In quantum mechanics, the expectation value is the probabilistic expected value of the result (measurement) of an experiment. It can be thought of as an average of all the possible outcomes of a measurement as weighted by their likelihood, and as such it is not the most probable value of a measurement; indeed the expectation value may have zero probability of occurring. It is a fundamental concept in all areas of quantum physics.
A symmetric, informationally complete, positive operator-valued measure (SIC-POVM) is a special case of a generalized measurement on a Hilbert space, used in the field of quantum mechanics. A measurement of the prescribed form satisfies certain defining qualities that makes it an interesting candidate for a "standard quantum measurement", utilized in the study of foundational quantum mechanics, most notably in QBism. Furthermore, it has been shown that applications exist in quantum state tomography and quantum cryptography, and a possible connection has been discovered with Hilbert's twelfth problem.
In quantum mechanics, and especially quantum information theory, the purity of a normalized quantum state is a scalar defined as
In quantum physics, a quantum state is a mathematical entity that provides a probability distribution for the outcomes of each possible measurement on a system. Knowledge of the quantum state together with the rules for the system's evolution in time exhausts all that can be predicted about the system's behavior. A mixture of quantum states is again a quantum state. Quantum states that cannot be written as a mixture of other states are called pure quantum states, while all other states are called mixed quantum states. A pure quantum state can be represented by a ray in a Hilbert space over the complex numbers, while mixed states are represented by density matrices, which are positive semidefinite operators that act on Hilbert spaces.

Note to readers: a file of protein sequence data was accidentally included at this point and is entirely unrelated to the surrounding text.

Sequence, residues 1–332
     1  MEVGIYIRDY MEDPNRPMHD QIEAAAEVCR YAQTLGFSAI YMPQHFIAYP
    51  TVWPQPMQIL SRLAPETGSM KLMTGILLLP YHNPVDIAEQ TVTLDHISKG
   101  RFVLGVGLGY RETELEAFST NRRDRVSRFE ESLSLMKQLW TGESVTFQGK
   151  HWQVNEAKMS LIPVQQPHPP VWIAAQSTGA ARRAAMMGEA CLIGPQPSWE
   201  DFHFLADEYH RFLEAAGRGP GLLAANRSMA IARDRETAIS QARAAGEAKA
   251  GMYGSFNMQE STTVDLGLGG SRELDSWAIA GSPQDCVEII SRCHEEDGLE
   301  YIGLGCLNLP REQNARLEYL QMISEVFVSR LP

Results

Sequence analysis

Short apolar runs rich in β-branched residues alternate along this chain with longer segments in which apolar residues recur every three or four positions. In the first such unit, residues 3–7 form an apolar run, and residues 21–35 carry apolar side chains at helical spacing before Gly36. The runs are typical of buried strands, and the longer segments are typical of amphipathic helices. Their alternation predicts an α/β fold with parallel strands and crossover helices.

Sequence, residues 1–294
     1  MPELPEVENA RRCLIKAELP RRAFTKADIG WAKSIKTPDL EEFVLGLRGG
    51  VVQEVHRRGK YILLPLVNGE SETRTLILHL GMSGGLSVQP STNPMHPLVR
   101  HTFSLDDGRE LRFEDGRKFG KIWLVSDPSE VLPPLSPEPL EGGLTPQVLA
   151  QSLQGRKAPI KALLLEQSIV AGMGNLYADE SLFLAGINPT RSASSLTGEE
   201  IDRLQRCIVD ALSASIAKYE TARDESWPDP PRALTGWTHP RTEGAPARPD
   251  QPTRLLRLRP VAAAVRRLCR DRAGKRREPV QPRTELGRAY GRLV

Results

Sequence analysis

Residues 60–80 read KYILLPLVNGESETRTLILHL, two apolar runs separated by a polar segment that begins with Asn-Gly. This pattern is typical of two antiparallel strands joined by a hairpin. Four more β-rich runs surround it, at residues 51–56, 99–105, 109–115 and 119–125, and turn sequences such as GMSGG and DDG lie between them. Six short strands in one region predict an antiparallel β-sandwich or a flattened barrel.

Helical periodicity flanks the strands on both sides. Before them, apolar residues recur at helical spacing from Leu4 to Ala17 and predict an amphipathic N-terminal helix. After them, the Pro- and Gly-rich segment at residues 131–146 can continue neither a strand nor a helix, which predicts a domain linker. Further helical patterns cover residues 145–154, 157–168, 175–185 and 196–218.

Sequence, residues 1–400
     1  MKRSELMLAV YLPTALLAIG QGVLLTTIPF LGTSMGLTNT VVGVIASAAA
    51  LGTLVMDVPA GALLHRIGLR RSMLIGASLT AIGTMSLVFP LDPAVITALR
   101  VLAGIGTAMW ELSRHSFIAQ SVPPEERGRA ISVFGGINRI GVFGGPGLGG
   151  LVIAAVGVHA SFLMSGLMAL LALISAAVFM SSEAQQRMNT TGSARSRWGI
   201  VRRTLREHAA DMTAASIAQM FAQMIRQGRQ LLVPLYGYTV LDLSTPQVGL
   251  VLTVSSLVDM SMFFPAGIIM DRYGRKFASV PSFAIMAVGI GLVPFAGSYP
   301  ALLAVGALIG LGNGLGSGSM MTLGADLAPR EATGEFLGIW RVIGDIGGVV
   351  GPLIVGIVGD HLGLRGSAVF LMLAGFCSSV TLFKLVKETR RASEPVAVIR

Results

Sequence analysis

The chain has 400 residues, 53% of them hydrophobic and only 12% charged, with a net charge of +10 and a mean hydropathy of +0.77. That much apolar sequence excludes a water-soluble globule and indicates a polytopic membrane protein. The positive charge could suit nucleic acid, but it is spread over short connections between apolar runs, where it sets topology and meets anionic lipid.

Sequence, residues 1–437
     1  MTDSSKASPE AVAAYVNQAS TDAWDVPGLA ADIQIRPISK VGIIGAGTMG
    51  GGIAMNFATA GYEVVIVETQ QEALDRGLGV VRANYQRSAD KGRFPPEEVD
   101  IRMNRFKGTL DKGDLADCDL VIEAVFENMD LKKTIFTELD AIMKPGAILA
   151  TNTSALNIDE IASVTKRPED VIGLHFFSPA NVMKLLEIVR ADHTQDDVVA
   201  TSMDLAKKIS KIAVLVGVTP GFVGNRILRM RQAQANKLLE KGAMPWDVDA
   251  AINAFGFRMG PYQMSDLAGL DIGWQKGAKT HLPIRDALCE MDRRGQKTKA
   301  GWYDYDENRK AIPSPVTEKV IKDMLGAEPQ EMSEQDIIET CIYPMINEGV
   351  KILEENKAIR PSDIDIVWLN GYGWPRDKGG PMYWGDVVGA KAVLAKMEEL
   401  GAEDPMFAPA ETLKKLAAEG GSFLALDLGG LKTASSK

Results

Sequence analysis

This is a glossary for the terminology often encountered in undergraduate quantum mechanics courses.
The Maxwell–Bloch equations, also called the optical Bloch equations describe the dynamics of a two-state quantum system interacting with the electromagnetic mode of an optical resonator. They are analogous to the Bloch equations which describe the motion of the nuclear magnetic moment in an electromagnetic field. The equations can be derived either semiclassically or with the field fully quantized when certain approximations are made.
The entropy of entanglement is a measure of the degree of quantum entanglement between two subsystems constituting a two-part composite quantum system. Given a pure bipartite quantum state of the composite system, it is possible to obtain a reduced density matrix describing knowledge of the state of a subsystem. The entropy of entanglement is the Von Neumann entropy of the reduced density matrix for any of the subsystems. If it is non-zero, i.e. the subsystem is in a mixed state, it indicates the two subsystems are entangled.
In quantum information theory and quantum optics, the Schrödinger–HJW theorem is a result about the realization of a mixed state of a quantum system as an ensemble of pure quantum states and the relation between the corresponding purifications of the density operators. The theorem is named after physicists and mathematicians Erwin Schrödinger, Lane P. Hughston, Richard Jozsa and William Wootters. The result was also found independently by Nicolas Hadjisavvas building upon work by Ed Jaynes, while a significant part of it was likewise independently discovered by N. David Mermin. Thanks to its complicated history, it is also known by various other names such as the GHJW theorem, the HJW theorem, and the purification theorem.